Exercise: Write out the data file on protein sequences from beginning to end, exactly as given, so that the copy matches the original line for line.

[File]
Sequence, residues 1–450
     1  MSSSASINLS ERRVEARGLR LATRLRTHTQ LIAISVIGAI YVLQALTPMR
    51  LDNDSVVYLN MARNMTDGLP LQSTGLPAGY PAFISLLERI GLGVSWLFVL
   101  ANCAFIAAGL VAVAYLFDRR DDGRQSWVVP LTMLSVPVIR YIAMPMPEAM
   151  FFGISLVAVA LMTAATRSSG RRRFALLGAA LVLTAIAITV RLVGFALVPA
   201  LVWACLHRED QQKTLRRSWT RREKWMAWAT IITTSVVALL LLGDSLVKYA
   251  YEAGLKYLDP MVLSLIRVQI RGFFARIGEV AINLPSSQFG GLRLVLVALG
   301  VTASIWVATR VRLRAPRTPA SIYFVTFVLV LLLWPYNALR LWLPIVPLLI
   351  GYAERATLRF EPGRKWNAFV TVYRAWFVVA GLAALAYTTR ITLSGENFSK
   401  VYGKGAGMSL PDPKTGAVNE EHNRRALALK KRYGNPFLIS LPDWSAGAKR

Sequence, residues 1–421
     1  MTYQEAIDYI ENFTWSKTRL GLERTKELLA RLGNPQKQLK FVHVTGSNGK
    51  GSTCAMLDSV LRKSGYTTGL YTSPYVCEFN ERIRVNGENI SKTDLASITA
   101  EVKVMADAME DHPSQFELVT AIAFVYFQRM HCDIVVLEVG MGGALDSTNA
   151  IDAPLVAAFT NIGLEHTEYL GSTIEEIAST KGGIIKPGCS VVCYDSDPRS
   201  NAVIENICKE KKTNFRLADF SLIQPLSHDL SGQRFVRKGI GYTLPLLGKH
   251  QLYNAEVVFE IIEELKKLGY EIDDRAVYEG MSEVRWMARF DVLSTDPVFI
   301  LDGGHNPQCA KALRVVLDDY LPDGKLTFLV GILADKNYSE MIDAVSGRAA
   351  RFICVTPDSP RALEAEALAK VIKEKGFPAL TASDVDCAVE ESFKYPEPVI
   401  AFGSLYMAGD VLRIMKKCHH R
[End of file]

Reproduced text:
Sequence, residues 1–450
     1  MSSSASINLS ERRVEARGLR LATRLRTHTQ LIAISVIGAI YVLQALTPMR
    51  LDNDSVVYLN MARNMTDGLP LQSTGLPAGY PAFISLLERI GLGVSWLFVL
   101  ANCAFIAAGL VAVAYLFDRR DDGRQSWVVP LTMLSVPVIR YIAMPMPEAM
   151  FFGISLVAVA LMTAATRSSG RRRFALLGAA LVLTAIAITV RLVGFALVPA
   201  LVWACLHRED QQKTLRRSWT RREKWMAWAT IITTSVVALL LLGDSLVKYA
   251  YEAGLKYLDP MVLSLIRVQI RGFFARIGEV AINLPSSQFG GLRLVLVALG
   301  VTASIWVATR VRLRAPRTPA SIYFVTFVLV LLLWPYNALR LWLPIVPLLI
   351  GYAERATLRF EPGRKWNAFV TVYRAWFVVA GLAALAYTTR ITLSGENFSK
   401  VYGKGAGMSL PDPKTGAVNE EHNRRALALK KRYGNPFLIS LPDWSAGAKR

Sequence, residues 1–421
     1  MTYQEAIDYI ENFTWSKTRL GLERTKELLA RLGNPQKQLK FVHVTGSNGK
    51  GSTCAMLDSV LRKSGYTTGL YTSPYVCEFN ERIRVNGENI SKTDLASITA
   101  EVKVMADAME DHPSQFELVT AIAFVYFQRM HCDIVVLEVG MGGALDSTNA
   151  IDAPLVAAFT NIGLEHTEYL GSTIEEIAST KGGIIKPGCS VVCYDSDPRS
   201  NAVIENICKE KKTNFRLADF SLIQPLSHDL SGQRFVRKGI GYTLPLLGKH
   251  QLYNAEVVFE IIEELKKLGY EIDDRAVYEG MSEVRWMARF DVLSTDPVFI
   301  LDGGHNPQCA KALRVVLDDY LPDGKLTFLV GILADKNYSE MIDAVSGRAA
   351  RFICVTPDSP RALEAEALAK VIKEKGFPAL TASDVDCAVE ESFKYPEPVI
   401  AFGSLYMAGD VLRIMKKCHH R